Wyoming’s Plan to Develop Numeric Nutrient Criteria
In 2008, WDEQ and Tetratech developed the Wyoming Nutrient Criteria Development Plan. The plan summarized existing data, identified a general framework for developing and adopting criteria, prioritized lakes and reservoirs, and established timelines to achieve milestones. During development of the 2017 Wyoming Nutrient Strategy, the Wyoming Nutrient Work Group provided additional input on how to prioritize waters for numeric nutrient criteria development; WDEQ incorporated this and other changes into the 2018 Wyoming Nutrient Criteria Development Plan.
Current Status of Numeric Criteria Development – Wyoming Basin Lakes and Reservoirs
WDEQ is currently focused on developing numeric criteria for small to mid-sized lakes and reservoirs in south-central Wyoming (i.e., Wyoming Basin). The criteria are intended to protect aquatic life and have been derived primarily using a stressor-response approach corroborated with other lines of evidence. WDEQ has drafted a technical support document (TSD) describing the analyses, results, and recommendations for numeric criteria. The TSD recently underwent external peer review. WDEQ is in the process of evaluating the reviews, and will be updating the analyses, recommendations, and document as necessary. WDEQ plans to share the TSD with the Wyoming Nutrient Work Group. Following review by the Wyoming Nutrient Work Group, WDEQ will begin the process of formally adopting the criteria into Wyoming’s surface water quality standards.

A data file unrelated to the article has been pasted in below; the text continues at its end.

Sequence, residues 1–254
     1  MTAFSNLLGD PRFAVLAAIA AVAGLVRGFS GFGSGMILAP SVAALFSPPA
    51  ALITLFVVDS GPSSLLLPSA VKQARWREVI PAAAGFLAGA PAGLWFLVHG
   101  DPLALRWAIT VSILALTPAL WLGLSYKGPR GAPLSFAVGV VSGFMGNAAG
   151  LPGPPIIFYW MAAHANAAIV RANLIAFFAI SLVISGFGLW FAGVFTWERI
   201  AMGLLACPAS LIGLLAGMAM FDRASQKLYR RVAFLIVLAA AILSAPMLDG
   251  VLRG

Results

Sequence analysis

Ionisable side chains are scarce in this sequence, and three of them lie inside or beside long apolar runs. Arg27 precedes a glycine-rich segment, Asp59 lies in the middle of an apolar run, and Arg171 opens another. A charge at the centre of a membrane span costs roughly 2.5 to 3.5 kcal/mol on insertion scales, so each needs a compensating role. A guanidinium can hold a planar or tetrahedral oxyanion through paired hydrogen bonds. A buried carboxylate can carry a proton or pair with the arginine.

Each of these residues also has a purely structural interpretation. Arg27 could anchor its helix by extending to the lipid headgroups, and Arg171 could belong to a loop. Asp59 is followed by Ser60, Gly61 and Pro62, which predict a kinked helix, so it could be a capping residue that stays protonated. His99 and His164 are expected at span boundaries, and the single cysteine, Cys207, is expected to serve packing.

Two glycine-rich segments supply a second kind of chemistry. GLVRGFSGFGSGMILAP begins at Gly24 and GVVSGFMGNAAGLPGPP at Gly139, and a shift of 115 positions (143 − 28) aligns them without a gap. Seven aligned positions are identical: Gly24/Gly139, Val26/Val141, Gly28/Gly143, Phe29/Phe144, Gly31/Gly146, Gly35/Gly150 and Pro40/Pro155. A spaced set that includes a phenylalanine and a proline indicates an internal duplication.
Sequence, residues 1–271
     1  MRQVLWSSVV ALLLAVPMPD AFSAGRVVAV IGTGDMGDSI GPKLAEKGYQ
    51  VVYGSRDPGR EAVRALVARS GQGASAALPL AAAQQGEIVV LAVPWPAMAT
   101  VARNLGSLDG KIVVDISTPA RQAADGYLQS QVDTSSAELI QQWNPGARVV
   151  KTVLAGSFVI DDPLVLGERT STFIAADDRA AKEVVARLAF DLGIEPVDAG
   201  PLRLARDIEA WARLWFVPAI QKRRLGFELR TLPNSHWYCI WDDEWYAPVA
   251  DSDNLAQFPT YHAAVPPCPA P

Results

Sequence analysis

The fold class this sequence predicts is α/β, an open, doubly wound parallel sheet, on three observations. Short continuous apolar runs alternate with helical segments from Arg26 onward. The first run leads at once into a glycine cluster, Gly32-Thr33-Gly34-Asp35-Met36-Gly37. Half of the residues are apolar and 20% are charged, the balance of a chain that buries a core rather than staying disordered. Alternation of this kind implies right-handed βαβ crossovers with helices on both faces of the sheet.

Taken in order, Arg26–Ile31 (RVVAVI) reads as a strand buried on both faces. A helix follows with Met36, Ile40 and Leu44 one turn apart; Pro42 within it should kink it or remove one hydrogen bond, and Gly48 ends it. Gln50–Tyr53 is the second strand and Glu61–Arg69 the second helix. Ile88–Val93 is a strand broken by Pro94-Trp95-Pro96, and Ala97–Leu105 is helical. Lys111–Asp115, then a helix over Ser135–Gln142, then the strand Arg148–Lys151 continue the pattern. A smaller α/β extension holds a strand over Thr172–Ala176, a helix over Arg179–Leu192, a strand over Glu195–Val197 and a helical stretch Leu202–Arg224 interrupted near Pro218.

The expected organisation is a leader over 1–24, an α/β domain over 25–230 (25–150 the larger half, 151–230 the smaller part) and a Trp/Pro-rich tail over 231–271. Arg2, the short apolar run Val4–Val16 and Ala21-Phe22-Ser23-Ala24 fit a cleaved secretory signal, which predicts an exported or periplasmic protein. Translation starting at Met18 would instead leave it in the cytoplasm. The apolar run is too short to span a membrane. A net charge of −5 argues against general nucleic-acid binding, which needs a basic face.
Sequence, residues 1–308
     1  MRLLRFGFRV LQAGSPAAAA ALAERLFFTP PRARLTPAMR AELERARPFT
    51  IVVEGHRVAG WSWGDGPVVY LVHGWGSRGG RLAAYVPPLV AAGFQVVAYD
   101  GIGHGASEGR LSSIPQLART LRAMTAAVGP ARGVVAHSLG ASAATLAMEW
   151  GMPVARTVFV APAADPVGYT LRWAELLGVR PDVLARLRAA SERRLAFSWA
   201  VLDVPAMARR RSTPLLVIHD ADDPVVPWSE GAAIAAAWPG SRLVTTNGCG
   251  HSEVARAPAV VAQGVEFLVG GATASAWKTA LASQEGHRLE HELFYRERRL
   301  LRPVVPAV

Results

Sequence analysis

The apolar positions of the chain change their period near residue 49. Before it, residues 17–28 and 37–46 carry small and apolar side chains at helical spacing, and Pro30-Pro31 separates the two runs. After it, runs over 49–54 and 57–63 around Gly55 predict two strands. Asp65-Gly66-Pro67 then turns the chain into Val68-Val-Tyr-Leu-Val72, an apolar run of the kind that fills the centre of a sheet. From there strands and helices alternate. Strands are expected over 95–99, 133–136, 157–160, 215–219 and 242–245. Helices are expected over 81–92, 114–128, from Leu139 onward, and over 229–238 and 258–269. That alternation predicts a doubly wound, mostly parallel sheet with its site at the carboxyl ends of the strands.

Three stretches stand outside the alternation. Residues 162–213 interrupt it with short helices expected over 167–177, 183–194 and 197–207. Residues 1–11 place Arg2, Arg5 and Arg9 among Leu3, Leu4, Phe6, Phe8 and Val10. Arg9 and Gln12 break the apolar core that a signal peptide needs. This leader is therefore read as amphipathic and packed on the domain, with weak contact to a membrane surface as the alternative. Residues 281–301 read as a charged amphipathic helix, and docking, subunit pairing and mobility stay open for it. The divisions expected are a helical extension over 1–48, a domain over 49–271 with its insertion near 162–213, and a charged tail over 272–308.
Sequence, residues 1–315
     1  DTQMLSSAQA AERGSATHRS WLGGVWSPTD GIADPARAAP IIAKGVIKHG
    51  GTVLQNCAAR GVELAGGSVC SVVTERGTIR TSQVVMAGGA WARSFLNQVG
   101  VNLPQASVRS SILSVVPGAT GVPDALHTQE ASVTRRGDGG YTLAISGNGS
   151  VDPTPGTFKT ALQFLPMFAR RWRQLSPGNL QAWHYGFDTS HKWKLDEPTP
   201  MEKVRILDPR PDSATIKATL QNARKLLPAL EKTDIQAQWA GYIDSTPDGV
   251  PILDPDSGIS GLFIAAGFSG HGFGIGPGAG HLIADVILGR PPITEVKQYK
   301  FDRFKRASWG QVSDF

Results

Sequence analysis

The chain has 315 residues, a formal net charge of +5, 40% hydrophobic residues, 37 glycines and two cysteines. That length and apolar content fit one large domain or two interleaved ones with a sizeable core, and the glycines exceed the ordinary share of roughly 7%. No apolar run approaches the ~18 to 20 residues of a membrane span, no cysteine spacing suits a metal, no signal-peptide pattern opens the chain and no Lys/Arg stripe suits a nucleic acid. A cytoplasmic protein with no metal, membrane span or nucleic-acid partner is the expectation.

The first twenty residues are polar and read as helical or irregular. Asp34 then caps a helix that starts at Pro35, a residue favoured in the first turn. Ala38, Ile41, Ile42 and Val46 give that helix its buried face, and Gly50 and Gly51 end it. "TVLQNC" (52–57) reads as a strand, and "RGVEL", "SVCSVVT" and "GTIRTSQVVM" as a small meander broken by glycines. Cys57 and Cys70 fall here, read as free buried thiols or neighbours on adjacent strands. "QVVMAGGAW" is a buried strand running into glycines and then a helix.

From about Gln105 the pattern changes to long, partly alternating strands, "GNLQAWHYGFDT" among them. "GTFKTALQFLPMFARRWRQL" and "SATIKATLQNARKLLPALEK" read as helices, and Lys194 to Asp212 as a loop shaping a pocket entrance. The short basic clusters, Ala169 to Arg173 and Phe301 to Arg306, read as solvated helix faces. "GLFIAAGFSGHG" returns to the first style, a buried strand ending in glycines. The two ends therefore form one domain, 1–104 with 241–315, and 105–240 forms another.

Other Lakes and Reservoirs Prioritized for Numeric Criteria Development in the Short-Term
WDEQ anticipates developing numeric nutrient criteria for the following lakes and reservoirs in the short-term: Bighorn Basin lakes and reservoirs, Boysen Reservoir, Southeast Wyoming lakes and reservoirs, and Seminoe Reservoir. Additional details are included in the 2018 Wyoming Nutrient Criteria Development Plan.
Data Compilation and Collection Efforts